3. mental_nomad


      Yeah. I heard O Superman yesterday on some commercial. No idea what the commercial was but the music brought me back to 1983. Music made for stoners.

    4. mental_nomad
  13. Goes to show, give Whedon a eye-popping budget and he can deliver. Wayyyyyy too early in Avengers-Thano's story arc to introduce the Infinity Gauntlet. Besides that was not just Avengers but pretty much every super hero and villain Marvel has. Thanos needs no gauntlet to be a Death-worshipping badass Titan.
  14. I waited to decide. But I like Grimm better than OUAT. Even with rather cheesy effects and a story that is a total mystery. And even wih Disney backing OUAT and it looking so much sleeker. But Grimm has a lot more mystery and suspence. An interesting, if far-fetched premise. And to be fair, a lot of wtf-is-going-on-moments. But the werewolf friend, the beaver community and the well, it is all held my interest so far. No easy task cause I have a really short attention sp...errr what was I talking about?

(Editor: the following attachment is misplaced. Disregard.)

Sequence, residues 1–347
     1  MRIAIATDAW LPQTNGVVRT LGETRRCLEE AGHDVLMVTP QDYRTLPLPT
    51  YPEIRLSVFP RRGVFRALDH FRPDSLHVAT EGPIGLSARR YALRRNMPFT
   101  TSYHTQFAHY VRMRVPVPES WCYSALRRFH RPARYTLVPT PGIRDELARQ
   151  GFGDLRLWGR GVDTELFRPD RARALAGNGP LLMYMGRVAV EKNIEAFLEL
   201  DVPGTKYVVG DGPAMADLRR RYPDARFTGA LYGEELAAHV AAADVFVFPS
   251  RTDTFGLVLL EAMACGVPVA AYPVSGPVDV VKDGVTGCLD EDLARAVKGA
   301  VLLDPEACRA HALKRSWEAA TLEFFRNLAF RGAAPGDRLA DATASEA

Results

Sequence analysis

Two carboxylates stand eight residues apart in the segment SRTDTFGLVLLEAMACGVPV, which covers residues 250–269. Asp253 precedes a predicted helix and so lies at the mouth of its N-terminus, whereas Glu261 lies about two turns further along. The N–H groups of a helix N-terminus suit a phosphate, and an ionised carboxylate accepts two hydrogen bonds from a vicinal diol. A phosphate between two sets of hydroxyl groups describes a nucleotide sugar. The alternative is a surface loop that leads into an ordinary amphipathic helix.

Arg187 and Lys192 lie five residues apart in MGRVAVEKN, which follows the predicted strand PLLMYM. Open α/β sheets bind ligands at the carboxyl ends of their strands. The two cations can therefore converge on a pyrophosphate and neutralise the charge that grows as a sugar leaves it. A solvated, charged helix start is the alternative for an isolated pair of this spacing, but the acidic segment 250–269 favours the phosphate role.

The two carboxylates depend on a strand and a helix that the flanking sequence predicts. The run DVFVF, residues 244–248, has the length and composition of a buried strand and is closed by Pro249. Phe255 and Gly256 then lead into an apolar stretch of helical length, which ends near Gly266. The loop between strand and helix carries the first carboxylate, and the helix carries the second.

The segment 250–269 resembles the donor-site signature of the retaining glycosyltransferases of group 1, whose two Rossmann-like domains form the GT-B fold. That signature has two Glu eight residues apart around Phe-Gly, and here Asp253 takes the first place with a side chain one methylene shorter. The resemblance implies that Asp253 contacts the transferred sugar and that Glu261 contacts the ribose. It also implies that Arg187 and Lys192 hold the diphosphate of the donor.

15. i feel the same way. but......i gotta give him credit, he is a good actor. what i do, is i see the character and not the actor. for me, tom cruise was not in it, ethan hunt was. at least that is how i go about it. i feel the same way. but......i gotta give him credit, he is a good actor. what i do, is i see the character and not the actor. for me, tom cruise was not in it, ethan hunt was. at least that is how i go about it. I hear what you are saying Venerable Uncle Grandfather. It is why, as a general rule, I try my best to know absolutely nothing about actors. Like Kevin Spacey said about his private life. The more people know about the actor, the harder it is to act the part believably. The less they know, the easier it is to morph into a role. All that said, something about Cruise just makes me want to do bloody things to him when I see him. And all I used to see looking at him on screen was his lack of a chin and that big probosis. Now I look at the chin implant. Cannot take my eyes off it. Bear in mind, there are folks in the film industry I 'boycott' because of things I know about them. Like the child molster Victor Salva's Jeepers Creepers films. Once you know about him, you see his movies are more than they seem. And yes, I avoid Roman Polanski's stuff. I know, I Know. Maybe I shouldn't but....some things I cannot abide. Anyway, it is nothing Cruise is, or does that bugs me. (although I think he is a raving loon but so are lots of actors I like) But seeing him in Legend onward & etc, I coud not defne why but I hated him. Shame really. Some of the films he has been in I liked (aside from him) Last Samurai etc (I'm a HUGE Watanabe fan)